Sunday 9th September 2018
These requirements are highlighted and outlined in the 1981 Health and Safety (First Aid) Regulations.
Training is a necessity. How do you know which training provider to choose?
These steps should help:
1) First-Aid Assessment
To decide what equipment, you need, you should undertake a first-aid needs assessment.
Look around your working environment and identify the hazards and risks that may be present.
The HSE advises that you consider:
• the nature of the work you do
• workplace hazards and risks (including specific hazards requiring special arrangements)
• the nature and size of your workforce
• the work patterns of your staff
• holiday and other absences of those who will be first-aiders and appointed persons
• your organisation’s history of accidents
You may also need to consider:
• the needs of travelling, remote and lone workers
• the distribution of your workforce
• the remoteness of any of your sites from emergency medical services
• whether your employees work on shared or multi-occupancy sites
• first-aid provision for non-employees (e.g. members of the public).
• The minimum requirements is that you designate a person to take charge of first-aid arrangements. We recommend that this personal undergoes first-aid in the workplace training.
2) Choosing a First-Aid Training Provider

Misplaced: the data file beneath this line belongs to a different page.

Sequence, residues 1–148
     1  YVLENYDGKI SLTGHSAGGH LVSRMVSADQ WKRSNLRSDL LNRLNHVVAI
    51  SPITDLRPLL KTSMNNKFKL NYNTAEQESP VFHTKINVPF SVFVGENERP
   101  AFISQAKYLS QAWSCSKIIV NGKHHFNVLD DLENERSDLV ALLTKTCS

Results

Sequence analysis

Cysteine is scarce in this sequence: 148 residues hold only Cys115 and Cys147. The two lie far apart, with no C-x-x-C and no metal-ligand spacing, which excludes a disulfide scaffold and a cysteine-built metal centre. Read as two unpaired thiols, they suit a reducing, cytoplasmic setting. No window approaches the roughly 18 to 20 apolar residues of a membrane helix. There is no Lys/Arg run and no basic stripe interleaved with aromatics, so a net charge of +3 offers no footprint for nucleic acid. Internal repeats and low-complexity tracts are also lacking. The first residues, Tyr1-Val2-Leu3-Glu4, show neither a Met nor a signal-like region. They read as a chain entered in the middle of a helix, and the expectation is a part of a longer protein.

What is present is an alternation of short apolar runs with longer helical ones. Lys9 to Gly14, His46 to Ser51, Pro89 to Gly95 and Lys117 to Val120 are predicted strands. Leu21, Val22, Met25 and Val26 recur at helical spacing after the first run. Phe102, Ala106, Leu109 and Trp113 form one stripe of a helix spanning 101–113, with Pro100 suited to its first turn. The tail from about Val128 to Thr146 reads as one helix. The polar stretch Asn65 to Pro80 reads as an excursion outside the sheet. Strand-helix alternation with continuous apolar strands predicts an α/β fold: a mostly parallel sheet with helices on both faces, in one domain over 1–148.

Here are some of the factors involved:
• How experienced are the trainers? Are the trainers familiar with their subject, au fait with the latest developments?
• Is your potential training provider certified by a relevant governing body?
• Will the trainers be able to engage and make their points to your team?
• Can they understand your business and provide a tailored course that fits your needs?
• Does the provider look to cut costs by photocopying training material and certificates or do they only use original documents?
• How flexible are they regarding the date and location of your training?
3) Due Diligence
Since October 2013, the HSE has stopped issuing ‘training numbers’, to first aid training companies. This now means that employers who need first aid training are required to ensure that their chosen provider is competent. This is known as ‘Due Diligence’.
Once you have gone through the Due Diligence process then book up your training!
First aid at work: The Health and Safety (First-Aid) Regulations 1981 www.hse.gov.uk/pubns/books/L74.htm
Selecting a first-aid training provider A guide for employers http://www.hse.gov.uk/pubns/geis3.pdf
First aid at work: Your questions answered Leaflet INDG214(rev1) HSE Books 2009 www.hse.gov.uk/pubns/indg214.htm
Basic advice on first aid at work Leaflet INDG347(rev2) HSE Books 2011 www.hse.gov.uk/pubns/indg347.htm
HSE’s first aid at work website: www.hse.gov.uk/firstaid